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Alone in the Desert

( Originally Published 1915 )

AFTER HIS baptism Jesus felt that for a time he must be alone to think over the great change that had come upon him. Only yesterday he had been the carpenter in Nazareth, and now he knew that he was the Son of God and the King of Israel! So sudden and mighty a change as this made him feel that he must go to some quiet, lonely place, where he could think and pray and find out his Father's will for himself and the work that John was to do.

Without speaking even a word with John, Jesus slipped out of the crowd upon the bank of the river. He walked toward the south, not following the well-known road beside the Jordan, over which he had walked many times while attending the feasts in Jerusalem, but choosing the paths along the mountain-side where he would not meet people, for he wished not to talk with men but with God.

He came at last to a very lonely place, between Jericho and Jerusalem; a place where no man lived and where even the Arabs of the desert scarcely ever wandered. The only living creatures in the desolate land were the wild beasts, the wolves and the foxes, whose howls could be heard at night. There upon the top of a hill, with rocks all around, he sat down to rest. His mind had been in such a whirl of excitement, and his heart was beating with such strong feeling, that he had never thought of taking with him any food to eat. For many days and nights he was alone, praying and talking with God and never once thinking of eating. More than a month passed away, even forty days, before the feeling of hunger came upon him.

Then suddenly he felt a sharp gnawing in his body, and he knew that he was famishing for food. He felt that he must have something to eat or he would die there in the desert, with the great work to which God had called him all left undone. Around him were the rough stones of the wilderness, and as he looked on them, this thought came to his mind:

"There is no need for me to starve in this desert. If I am the Son of God, as the voice from heaven said, then I need only to speak a word and these stones will be turned to bread!"

Then Jesus thought again, and said to himself, "Yes, I am the Son of God, and I have the power to make these stones turn into bread for me to eat. But that power was given me by my heavenly Father; and it was given, not that I should use it for myself, but for the help of others who are in need. It is not God's will that I should make bread out of stones for myself."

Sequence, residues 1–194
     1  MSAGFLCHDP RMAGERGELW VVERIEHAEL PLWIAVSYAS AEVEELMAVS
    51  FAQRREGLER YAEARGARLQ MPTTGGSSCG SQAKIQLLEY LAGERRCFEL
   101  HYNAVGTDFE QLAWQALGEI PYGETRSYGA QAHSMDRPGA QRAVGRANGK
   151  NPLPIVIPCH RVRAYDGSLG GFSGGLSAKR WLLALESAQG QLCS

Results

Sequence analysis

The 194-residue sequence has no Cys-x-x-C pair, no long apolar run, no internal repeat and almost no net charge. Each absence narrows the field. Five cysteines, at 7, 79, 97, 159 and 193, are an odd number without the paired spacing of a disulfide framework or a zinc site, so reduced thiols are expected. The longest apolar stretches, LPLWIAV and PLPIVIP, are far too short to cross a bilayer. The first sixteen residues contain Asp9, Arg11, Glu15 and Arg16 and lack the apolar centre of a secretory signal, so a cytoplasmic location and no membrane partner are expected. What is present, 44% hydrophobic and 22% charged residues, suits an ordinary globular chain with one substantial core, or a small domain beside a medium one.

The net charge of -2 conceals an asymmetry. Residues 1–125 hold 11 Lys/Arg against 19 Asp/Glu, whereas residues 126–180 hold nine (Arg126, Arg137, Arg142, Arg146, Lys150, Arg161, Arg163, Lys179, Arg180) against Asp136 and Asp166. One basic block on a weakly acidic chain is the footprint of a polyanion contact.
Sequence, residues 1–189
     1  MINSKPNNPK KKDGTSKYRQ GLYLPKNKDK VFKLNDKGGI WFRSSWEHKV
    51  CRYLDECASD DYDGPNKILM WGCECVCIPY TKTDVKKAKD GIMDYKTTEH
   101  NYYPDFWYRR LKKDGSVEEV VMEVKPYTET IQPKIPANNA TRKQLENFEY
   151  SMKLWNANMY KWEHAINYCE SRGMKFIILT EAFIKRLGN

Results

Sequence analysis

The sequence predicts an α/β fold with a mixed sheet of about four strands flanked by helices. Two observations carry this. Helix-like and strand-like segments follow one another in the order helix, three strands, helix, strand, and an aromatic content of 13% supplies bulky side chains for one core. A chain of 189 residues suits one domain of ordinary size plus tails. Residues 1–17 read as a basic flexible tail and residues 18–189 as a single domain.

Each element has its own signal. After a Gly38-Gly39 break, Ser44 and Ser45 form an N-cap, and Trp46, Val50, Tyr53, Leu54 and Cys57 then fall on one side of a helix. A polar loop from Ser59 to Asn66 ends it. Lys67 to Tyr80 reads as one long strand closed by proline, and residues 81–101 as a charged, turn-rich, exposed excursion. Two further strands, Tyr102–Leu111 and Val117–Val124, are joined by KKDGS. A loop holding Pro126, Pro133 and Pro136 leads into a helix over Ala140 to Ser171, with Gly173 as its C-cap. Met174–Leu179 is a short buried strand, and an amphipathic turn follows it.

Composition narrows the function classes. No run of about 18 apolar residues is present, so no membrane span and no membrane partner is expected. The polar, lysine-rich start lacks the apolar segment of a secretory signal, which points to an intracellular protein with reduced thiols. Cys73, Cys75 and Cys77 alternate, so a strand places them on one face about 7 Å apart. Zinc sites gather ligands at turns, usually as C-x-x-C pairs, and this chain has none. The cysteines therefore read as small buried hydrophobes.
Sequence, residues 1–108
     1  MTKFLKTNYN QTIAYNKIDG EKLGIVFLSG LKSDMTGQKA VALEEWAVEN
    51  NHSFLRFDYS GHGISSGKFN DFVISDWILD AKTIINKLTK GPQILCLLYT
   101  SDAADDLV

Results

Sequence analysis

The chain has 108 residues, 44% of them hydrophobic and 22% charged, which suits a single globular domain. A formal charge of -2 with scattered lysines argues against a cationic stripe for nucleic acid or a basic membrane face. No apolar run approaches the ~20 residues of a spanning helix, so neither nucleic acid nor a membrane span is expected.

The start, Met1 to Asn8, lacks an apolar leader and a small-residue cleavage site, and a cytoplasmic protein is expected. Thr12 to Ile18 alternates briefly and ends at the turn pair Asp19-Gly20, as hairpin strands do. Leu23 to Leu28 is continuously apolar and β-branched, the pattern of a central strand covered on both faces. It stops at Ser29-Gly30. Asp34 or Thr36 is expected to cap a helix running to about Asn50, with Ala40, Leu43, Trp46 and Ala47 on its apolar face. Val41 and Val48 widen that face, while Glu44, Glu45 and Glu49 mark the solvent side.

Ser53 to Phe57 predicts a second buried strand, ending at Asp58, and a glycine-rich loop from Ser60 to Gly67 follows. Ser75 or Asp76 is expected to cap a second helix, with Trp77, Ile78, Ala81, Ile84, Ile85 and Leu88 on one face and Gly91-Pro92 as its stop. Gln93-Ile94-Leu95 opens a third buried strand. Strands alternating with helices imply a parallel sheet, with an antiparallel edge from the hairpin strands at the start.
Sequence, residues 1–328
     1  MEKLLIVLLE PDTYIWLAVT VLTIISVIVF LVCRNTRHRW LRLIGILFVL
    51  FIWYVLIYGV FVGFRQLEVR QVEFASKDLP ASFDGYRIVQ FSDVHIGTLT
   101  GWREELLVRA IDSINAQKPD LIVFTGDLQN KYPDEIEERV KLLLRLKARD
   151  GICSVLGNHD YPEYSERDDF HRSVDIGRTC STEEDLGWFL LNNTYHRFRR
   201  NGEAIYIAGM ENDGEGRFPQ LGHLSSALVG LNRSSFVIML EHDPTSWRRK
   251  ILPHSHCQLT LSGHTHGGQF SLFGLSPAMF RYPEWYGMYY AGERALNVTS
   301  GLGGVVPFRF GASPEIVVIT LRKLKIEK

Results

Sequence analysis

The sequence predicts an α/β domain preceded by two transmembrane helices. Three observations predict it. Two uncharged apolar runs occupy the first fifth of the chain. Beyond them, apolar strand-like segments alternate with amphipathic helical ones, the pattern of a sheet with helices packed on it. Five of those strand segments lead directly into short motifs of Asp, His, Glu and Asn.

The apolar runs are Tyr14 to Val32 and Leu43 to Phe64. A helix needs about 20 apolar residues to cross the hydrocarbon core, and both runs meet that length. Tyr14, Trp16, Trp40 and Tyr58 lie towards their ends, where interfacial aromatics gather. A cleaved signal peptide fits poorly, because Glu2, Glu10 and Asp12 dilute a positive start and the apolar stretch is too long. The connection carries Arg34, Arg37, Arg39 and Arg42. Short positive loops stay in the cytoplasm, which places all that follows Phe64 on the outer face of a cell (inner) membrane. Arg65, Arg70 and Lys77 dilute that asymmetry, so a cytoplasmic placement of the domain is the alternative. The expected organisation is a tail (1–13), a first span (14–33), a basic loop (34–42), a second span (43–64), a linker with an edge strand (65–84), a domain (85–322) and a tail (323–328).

And then a sentence out of the Bible came to the mind of Jesus, and he said, "It is written, Man shall not live by bread alone, but by every word that comes out of the mouth of God."

Jesus seemed to be alone in the desert, but there was one who was watching him, all unseen. That one was the evil spirit, Satan, who hated Jesus, knowing that he was the Son of God and the Saviour of the world. He had put into the mind of Jesus the thought of turning stones to bread and using the power which God had given him for himself alone. Jesus was quick to see the purpose of Satan and to turn away from it.

Then another thought came to the mind of Jesus. He said to himself, "I know that I am the King of Israel, the Messiah whom the people have been looking for so long. But how shall I cause the people to know that I am their King? What can I do to make them believe in me?"

At that moment, while Jesus was trying to think out the best plan for beginning his work and making himself, as the Son of God, known to the. people, Satan, the evil spirit, was ready with another word. He said, "Here is a good plan. Go to the Temple in Jerusalem at some feast-time when it is crowded with people, and in the sight of all the crowd, leap off one of the towers. You will not fall to the ground, but will come sailing down through the air, for all power is yours. And when the people see you, they will fall on their faces before you and will believe in you as the King so long promised. You know that you are the Son of God and that God will take care of you. Don't you remember that in one of the psalms it is written, `He shall give his angels charge over thee, and in their hands they shall bear thee up so that thou shalt not dash thy foot against a stone?' "